Strategic Planning


Facilitating Effective Meetings

Stress Management


Module Evaluation







About the Author
“Transition to Administration: Preparing Yourself for Success” was written by Steven Bloomberg. Mr. Bloomberg has served as a community college administrator in the areas of workforce and technical education for over ten years. His tenure in higher education included five years at Cerro Coso Community College in Ridgecrest, California, and five years at Frank Phillips College in Borger, Texas. He has held positions as program manager, program director, director, and associate dean. He holds a bachelor of arts degree in business administration from the University of LaVerne in LaVerne, California, and a masters in education from West Texas A & M University in Canyon, Texas. He has spoken at numerous national conferences and was a finalist for the 2002 Bellwether Award. He is also an active consultant who enjoys sharing knowledge with others. Recently, he decided to make a change in his career path and accepted the position of chief executive officer for an economic development corporation. If you have questions or comments or would like to share similar experiences with Mr. Bloomberg, you can e-mail [email protected]


So, you’re a new community college administrator? Congratulations! You are now a fresh-faced entry in the arcane and zany world of administration. Perhaps you have just left the faculty ranks and encouraging comments from colleagues such as “welcome to the dark side” are still ringing in your ears. Or, maybe you were a first-line supervisor such as a director or program coordinator, applied for a senior-level position for reasons still unknown, and now find yourself thrust into a dean’s role. The success of several people and, more importantly, the ultimate success of students are now YOUR responsibility. Wait, don’t PANIC! No need to dial 9-1 and have a finger poised back on 1—ready to strike faster than the Dow can drop. If you are equipped with the right tools not only can you triumph in your new position, you will be an effective leader whom others respect and whose counsel they seek. I know, right now you are probably saying, “This sounds great and I would love to be that person, but if I look in the mirror it sure doesn’t resemble me!” I promise by the time we are finished you will be able to look into the mirror and see the reflection of a person confident in him- or herself and ready to lead.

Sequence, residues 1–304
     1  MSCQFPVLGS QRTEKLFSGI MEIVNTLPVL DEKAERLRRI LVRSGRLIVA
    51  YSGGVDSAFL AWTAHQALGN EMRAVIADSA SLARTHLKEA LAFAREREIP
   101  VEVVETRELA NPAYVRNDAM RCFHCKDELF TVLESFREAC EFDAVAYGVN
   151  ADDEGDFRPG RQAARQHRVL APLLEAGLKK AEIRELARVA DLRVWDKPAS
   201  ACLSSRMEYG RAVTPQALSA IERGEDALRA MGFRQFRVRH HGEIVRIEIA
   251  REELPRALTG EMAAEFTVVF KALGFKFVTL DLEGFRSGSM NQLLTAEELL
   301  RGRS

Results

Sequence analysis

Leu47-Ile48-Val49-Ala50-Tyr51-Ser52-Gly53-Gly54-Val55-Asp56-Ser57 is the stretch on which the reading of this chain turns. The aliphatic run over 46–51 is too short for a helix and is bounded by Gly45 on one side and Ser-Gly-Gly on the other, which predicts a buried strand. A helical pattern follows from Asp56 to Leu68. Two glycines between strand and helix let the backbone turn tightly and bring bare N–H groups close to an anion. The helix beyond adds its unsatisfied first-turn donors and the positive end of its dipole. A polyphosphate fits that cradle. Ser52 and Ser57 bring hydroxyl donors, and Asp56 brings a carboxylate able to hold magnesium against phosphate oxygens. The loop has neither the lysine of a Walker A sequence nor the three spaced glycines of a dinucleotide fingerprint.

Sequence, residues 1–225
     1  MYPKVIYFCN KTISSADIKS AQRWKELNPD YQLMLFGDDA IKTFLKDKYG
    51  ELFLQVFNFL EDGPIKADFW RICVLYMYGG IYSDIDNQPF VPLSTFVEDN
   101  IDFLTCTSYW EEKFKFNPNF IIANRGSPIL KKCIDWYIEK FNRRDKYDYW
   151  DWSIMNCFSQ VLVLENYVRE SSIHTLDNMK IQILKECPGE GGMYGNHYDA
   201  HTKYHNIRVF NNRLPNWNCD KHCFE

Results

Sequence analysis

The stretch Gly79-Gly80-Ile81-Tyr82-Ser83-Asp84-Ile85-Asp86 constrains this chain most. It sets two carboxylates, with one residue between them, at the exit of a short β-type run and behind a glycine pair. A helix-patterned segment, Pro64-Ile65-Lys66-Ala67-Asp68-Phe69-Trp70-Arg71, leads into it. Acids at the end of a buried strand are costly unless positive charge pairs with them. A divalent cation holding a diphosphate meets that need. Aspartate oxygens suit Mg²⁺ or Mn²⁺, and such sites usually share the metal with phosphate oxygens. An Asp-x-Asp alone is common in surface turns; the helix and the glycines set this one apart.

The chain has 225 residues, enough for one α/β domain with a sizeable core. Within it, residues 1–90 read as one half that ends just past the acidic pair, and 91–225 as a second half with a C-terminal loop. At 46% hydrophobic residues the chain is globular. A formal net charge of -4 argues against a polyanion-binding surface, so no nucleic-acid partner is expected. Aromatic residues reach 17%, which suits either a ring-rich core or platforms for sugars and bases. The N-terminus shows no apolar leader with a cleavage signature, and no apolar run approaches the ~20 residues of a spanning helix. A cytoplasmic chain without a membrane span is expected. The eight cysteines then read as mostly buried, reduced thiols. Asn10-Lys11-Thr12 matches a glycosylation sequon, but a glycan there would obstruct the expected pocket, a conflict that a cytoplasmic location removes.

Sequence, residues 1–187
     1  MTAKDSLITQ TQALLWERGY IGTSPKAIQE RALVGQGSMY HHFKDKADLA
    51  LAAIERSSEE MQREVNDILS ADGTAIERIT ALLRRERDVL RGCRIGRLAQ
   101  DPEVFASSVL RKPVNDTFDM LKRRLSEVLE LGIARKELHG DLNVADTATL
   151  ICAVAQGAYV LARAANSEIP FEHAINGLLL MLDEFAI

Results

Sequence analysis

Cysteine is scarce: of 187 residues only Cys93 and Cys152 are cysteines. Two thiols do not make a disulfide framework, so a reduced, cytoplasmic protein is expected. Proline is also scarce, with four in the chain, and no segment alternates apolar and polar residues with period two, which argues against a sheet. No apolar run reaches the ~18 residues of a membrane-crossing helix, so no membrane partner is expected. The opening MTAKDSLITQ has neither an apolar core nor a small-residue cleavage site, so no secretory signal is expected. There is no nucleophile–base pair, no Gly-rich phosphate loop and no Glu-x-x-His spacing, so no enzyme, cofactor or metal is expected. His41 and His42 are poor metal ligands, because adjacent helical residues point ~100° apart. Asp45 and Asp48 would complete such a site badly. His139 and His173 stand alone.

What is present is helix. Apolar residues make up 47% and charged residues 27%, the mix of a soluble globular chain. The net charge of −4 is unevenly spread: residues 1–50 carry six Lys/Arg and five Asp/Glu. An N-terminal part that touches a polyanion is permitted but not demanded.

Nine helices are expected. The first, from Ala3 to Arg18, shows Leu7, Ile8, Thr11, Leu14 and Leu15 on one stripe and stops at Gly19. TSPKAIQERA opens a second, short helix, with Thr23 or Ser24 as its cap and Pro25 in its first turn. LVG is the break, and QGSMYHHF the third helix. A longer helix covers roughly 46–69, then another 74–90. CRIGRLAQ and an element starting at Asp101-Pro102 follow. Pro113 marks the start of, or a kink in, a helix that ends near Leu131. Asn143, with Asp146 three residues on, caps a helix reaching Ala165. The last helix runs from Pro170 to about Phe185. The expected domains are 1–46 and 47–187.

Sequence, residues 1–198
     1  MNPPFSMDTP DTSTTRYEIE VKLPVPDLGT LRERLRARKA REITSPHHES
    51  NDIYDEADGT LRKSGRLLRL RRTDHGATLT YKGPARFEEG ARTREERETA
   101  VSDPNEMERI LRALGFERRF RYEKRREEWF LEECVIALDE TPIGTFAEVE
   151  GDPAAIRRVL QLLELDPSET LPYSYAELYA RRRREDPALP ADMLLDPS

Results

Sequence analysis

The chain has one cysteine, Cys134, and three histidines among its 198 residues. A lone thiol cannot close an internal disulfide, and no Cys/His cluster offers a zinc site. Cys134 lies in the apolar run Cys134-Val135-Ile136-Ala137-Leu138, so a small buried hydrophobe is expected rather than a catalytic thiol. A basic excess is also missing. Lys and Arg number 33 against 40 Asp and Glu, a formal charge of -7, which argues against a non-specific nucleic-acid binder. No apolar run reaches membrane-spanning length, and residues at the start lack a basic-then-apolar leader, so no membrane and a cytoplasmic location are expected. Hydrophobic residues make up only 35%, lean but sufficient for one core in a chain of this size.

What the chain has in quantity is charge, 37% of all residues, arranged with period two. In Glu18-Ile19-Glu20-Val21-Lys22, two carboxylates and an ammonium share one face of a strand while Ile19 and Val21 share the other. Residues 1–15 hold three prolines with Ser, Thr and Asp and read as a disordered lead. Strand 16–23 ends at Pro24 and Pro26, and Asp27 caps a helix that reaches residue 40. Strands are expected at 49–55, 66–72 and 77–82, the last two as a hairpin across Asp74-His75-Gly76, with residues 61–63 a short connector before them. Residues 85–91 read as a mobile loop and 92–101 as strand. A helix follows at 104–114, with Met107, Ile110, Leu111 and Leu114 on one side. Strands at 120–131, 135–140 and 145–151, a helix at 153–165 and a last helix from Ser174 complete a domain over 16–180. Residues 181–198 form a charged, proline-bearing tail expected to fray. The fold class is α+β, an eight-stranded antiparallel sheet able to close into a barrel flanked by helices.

As with any good instructional lesson, I must now inform you of our objectives. Since I have now (hopefully) gained the attention of the learner, I am bound by duty to inform you of the objective. Upon completion of this lesson you should blah, blah, blah, blah. Seriously though, if you will read the information contained herein and then make an effort to practice it daily, you will be on your way to becoming an effective administrator. What I am going to share with you is not copyrighted trade secrets or carefully guarded “insider” information. This is information that will help you lead and make those around you even more effective and efficient. Yes, it is true there are many areas one must be proficient in to be a good administrator; however, we are going to limit our focus to five things. Here’s what we are going to learn about:

Sound fair enough? Then without further ado, let’s get you started on the gallant path toward becoming an administrator!